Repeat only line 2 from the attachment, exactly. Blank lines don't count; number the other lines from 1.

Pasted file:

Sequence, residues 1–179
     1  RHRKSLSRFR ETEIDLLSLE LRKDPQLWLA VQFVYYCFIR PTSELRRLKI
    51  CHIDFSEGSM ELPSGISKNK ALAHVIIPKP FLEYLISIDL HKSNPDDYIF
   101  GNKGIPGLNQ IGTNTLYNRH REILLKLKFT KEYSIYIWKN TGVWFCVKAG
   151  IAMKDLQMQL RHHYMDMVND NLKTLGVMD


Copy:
     1  RHRKSLSRFR ETEIDLLSLE LRKDPQLWLA VQFVYYCFIR PTSELRRLKI